The ultimate guide on how to study for GRE.
Anybody can score 330+ in GRE. I followed a 3 week preparation plan.
It is important to understand that the GRE is very different as compared to the other exams we are used to giving, talking from an Indian’s perspective. Blind hard work will not serve any purpose and sometimes will be counterproductive.
Editors note: Keep in mind that regardless of what it is you’re studying we always suggest working on making your studying as efficient as possible. To make the most from your studying don’t focus on the time you invest. Focus on the quality of your study session over the quantity you do. This is one of the key things we focus on and we absolutely think you can get twice the results in half the time. Make sure you grab the free audiobook Unlimited Memory by a chess grandmaster which will absolutely transform your results overnight if you apply the techniques.
ETS (the company that conducts the GRE) wants to convince you that your score is a measure of how good you are at ‘critical thinking’, but in reality it is only a measure of how good you are at giving the GRE. So, fortunately for us, the more you practise in the correct way, the better you become at giving the GRE.
The Correct Way (in my experience) :
Quality > Quantity. Always. Please do not spend 10+ hours a day mechanically solving problems and forgetting about them as you move forward. This will cause you to plateau at a certain skill level. The key is small incremental improvements.
For me, the ideal way was a simple 3 step process :
1. Solve problems in small sets, around 20(+5 || -5) questions per set.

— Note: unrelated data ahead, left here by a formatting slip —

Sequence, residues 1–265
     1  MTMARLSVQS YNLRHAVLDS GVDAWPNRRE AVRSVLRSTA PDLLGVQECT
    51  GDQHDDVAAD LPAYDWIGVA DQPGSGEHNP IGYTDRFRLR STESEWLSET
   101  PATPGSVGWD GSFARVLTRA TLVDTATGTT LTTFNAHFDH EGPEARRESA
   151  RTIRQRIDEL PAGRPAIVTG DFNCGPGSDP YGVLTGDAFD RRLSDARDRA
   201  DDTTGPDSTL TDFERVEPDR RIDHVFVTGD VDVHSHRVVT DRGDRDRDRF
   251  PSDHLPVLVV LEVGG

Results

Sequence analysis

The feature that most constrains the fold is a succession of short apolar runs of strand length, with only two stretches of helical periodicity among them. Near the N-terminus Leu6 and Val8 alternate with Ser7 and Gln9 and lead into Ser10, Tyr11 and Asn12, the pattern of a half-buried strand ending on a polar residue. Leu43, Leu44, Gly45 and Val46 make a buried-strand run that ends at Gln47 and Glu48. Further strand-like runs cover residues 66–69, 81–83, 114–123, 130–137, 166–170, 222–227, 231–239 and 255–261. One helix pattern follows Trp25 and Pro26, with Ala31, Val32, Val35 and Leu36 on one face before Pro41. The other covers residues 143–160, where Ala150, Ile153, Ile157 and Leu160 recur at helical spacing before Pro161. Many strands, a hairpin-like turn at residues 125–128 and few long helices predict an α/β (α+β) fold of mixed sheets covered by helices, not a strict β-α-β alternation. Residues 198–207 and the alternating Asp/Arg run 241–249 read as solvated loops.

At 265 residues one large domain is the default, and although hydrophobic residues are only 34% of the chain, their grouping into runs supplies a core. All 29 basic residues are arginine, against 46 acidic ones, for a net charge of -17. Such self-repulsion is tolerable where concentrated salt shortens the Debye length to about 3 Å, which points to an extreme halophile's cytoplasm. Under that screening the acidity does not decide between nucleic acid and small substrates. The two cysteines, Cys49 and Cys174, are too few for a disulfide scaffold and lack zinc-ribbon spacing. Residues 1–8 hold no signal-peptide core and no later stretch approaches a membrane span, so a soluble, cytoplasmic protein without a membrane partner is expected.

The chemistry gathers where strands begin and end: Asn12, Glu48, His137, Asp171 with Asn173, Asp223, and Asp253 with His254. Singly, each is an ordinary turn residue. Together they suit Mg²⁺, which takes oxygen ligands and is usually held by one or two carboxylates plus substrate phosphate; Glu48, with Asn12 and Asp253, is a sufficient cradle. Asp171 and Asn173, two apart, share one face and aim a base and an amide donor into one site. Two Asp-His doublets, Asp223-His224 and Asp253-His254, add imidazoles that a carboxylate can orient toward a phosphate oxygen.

2. Check your answers. See the solutions, understand them thoroughly.
3. After checking all, recap the questions you got wrong, why, and what you learnt from them. This is extremely important.
Let’s jump into the schedule now, shall we?
Pre-prep phase (1 week) :
Okay, I lied, it’s not really 3 weeks, but this pre-prep phase won’t take more than two hours of your time per day, and what’s more, you can easily do this while you eat or just before sleeping.
What is to be done? Words, Words and more Words.
Spend this week learning the words from the following apps :
1. Barron’s 1100
2. Magoosh Flash Cards (around 1000 words)
3. Manhattan Essential Words (around 500 words)
Vocabulary is essential to understanding the Reading Comprehensions as well as the sentence completions, so please complete this before moving ahead!
Week 1 :
Congratulations! The boring part is done. This week, let’s do :
1. 4 Practice Tests
2. Practise each type of question in isolation. For example, do 20 Text Completions in one set. This will help you to identify weaknesses to work on.
3. Brush up all the shortcuts and maths formulae that you encounter.(Online Magoosh article exists)
Week 2 :
This week, let’s move forward with :
1. 6 Practice Tests.
2. Do mixed practice sets now (All types of problems together), to simulate the actual GRE scenario.
3. Strictly time your tests and practice sets. Keep 5 minutes per section as a buffer. Identify which type of questions you are slow at. Work on them.
Week 3 :
Buckle up, this is your final lap :
1. 8 practice tests.
2. Start reading AWA essays online, as well as general structuring tips. A lot of video material is available online. Practise a few essays if necessary.
3. Revise the Vocabulary words and mathematical formulae.
At the end of this schedule, you should be ready to face the GRE. So be confident, sleep well before the paper and ohh, don’t forget to carry a jacket. It’s freezing in there.
Thanks for reading! Please do upvote if this helped you.
This was a great answer from this question on Quora.
Obviously (and we say this all the time) everyone has different ways of studying. External factors will come into it as well as studying preferences and how close you are until the exam when you start studying for the GRE.